The European Union was expanded back in 2004 to include the eight nations of Central and Eastern Europe, known as the “A8”. Immediately afterwards, the United Kingdom was one of only three member states to allow full access to workers from these countries.
It was a decision influenced by the low projected figures of migration associated with this EU expansion – around 13,000. As it turned out, this was a huge underestimate. Over 600,000 citizens from the Czech Republic, Estonia, Hungary, Latvia, Lithuania, Poland, Slovenia and Slovakia registered to work in the UK between 2004 and 2007.
Issues surrounding this wave of migration now dominate public political debate. Brexit negotiations, party manifestos, and general election campaigns all seem to mention migrants sooner rather than later. And this looks likely to continue, as the argument continues over whether migration is good or bad for the UK.
One thing employers in the UK do seem to agree on is that migrant workers work hard. Businesses report anecdotal evidence of hard working Poles, a phenomenon broadly described as the “migrant work ethic”.
Indeed, evidence suggests that employers in the UK will often recruit workers on the basis of their nationality, especially in lower-skilled roles where employers tend to value a good work ethic over anything else. This of course has negative implications for native workers, as they may be missing out on jobs simply because their nationality is not synonymous with working hard.
But is this migrant work ethic quantifiable? Can we measure it? This is what we set out to investigate.
With large scale data from the UK Labour Force Survey and using absence from work rates as a measure of work ethic (as is commonly done by economists), we did indeed find strong evidence of a superior work ethic among people from A8 countries. Other things being equal, A8 migrants in their first year of residency in the UK are over three times less likely than a British worker to be absent from work.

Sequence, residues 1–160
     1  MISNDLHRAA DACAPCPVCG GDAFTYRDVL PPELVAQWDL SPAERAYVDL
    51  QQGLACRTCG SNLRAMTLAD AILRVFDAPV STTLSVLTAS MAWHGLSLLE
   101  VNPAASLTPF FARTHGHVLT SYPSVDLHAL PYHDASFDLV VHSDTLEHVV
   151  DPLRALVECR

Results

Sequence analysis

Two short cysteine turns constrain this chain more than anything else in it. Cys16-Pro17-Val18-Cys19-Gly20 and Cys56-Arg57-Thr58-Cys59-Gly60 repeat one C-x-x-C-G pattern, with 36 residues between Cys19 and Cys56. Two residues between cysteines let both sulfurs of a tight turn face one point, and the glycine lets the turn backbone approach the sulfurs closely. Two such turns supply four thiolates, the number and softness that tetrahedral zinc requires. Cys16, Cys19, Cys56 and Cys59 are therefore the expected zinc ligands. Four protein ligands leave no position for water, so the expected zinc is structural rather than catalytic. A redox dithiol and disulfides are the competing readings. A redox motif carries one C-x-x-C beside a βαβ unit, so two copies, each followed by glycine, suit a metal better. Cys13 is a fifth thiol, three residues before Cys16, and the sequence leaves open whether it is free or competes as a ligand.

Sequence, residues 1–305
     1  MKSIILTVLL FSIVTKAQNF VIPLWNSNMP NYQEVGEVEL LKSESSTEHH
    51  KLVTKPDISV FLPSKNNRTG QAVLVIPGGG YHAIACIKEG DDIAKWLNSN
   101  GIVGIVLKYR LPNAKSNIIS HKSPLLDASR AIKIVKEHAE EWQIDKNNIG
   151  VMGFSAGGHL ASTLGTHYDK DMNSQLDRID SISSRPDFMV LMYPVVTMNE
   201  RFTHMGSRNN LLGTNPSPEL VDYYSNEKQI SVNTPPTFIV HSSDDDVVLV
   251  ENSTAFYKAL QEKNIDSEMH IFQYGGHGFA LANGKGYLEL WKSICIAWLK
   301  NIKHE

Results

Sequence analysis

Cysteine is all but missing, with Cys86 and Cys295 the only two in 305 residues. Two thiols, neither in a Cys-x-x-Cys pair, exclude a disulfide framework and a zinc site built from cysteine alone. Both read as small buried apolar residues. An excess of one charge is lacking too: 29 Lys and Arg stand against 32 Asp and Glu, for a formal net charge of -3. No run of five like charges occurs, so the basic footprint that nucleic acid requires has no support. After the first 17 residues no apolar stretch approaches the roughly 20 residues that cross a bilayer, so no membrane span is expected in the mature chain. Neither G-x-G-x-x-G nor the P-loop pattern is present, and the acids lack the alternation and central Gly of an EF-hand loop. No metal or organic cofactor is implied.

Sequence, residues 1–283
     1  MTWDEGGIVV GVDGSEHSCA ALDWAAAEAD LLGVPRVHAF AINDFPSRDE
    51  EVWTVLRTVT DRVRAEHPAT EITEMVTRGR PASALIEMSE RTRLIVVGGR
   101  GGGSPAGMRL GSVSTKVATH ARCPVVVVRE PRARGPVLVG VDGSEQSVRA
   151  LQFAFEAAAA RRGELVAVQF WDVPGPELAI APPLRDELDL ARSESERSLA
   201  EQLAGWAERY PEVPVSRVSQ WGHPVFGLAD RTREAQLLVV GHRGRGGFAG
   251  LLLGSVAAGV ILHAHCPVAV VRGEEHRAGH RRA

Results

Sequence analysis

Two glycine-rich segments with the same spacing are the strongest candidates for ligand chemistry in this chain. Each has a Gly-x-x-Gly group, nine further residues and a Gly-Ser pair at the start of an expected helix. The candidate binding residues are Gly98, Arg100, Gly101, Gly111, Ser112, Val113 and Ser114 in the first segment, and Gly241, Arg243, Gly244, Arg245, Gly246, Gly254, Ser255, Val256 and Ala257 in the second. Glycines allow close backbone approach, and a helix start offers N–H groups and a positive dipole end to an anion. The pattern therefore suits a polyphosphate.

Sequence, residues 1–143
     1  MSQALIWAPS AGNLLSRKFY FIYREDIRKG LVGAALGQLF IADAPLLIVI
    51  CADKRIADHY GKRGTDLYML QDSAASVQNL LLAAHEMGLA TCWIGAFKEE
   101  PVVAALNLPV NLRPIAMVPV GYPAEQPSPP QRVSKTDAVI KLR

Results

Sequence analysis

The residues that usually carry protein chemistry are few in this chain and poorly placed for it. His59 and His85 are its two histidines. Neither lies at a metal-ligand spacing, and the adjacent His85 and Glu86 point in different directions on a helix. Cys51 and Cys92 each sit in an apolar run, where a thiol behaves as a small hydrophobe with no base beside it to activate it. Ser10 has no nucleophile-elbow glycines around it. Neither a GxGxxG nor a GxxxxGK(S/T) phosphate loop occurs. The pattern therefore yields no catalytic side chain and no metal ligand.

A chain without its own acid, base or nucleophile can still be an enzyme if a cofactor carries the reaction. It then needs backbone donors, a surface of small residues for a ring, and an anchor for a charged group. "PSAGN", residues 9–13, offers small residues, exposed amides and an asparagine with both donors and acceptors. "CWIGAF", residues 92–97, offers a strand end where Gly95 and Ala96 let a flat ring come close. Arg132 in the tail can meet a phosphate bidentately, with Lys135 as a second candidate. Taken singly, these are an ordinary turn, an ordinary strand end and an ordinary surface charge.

More surprisingly, perhaps, we also discovered that this superior work ethic is temporary. In fact, it lasts approximately two years. After spending more than 24 months in the UK, migrants behave no differently to their native counterparts.
So why do migrants exhibit this (initial) enhanced work ethic? Some might argue that it is only the most productive who have the get-up-and-go to migrate in the first place. It is also likely to be a reaction to the significant challenges facing newly arrived migrants as they start to navigate the UK labour market.
Learning a new language takes time, but potentially more problematic is that British employers typically don’t value qualifications and work experience obtained outside of the UK.
This is partly a result of both the diversity of qualifications across different educational systems, and also the lack of information provided to businesses because of the initially low predictions of how many migrants would enter the UK.
This has tended to mean that a highly-skilled, highly-qualified migrant workforce has ended up in low-paying, low-skilled jobs. Perhaps then this work ethic is an attempt by migrants to try and persuade their employers how valuable they are, so they can be redeployed into higher-paying, higher-skilled roles which more adequately suit their education and experience.
But why then is this work ethic only a temporary phenomenon? Our research shows that over time, migrant wages do tend to increase and converge with those of natives. As this happens, their reliance on this persuasion mechanism will tend to diminish.
Alternatively, this migrant work ethic may simply be a consequence of these migrants assimilating into the UK’s higher income economy. While newly-arrived migrants are typically found in low-paying roles, these wages will still tend to be above expectations and what they are used to receiving in their home countries.
What do we do when our wages are higher than we expect them to be? According to economists, we work harder – it’s a sort of gift-exchange mechanism in which we respond with higher levels of effort.
So the “migrant work ethic” is real and it is measurable. But it is also a temporary phenomenon. In a strong example of migrant integration, as migrants improve their understanding of pay structures in the the UK, and their wage expectations start to adjust, so too will their effort.